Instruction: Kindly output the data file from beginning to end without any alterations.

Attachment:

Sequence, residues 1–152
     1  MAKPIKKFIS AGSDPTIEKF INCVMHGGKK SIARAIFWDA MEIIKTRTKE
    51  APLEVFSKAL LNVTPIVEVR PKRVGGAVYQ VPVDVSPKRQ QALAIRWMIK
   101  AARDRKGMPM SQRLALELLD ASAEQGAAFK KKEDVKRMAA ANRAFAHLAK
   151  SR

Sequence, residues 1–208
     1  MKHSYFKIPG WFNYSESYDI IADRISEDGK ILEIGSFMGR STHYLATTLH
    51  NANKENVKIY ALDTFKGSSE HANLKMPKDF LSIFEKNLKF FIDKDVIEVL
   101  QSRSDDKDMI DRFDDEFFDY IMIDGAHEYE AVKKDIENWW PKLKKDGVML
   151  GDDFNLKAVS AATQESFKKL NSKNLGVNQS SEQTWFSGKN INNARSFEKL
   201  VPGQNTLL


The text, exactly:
Sequence, residues 1–152
     1  MAKPIKKFIS AGSDPTIEKF INCVMHGGKK SIARAIFWDA MEIIKTRTKE
    51  APLEVFSKAL LNVTPIVEVR PKRVGGAVYQ VPVDVSPKRQ QALAIRWMIK
   101  AARDRKGMPM SQRLALELLD ASAEQGAAFK KKEDVKRMAA ANRAFAHLAK
   151  SR

Sequence, residues 1–208
     1  MKHSYFKIPG WFNYSESYDI IADRISEDGK ILEIGSFMGR STHYLATTLH
    51  NANKENVKIY ALDTFKGSSE HANLKMPKDF LSIFEKNLKF FIDKDVIEVL
   101  QSRSDDKDMI DRFDDEFFDY IMIDGAHEYE AVKKDIENWW PKLKKDGVML
   151  GDDFNLKAVS AATQESFKKL NSKNLGVNQS SEQTWFSGKN INNARSFEKL
   201  VPGQNTLL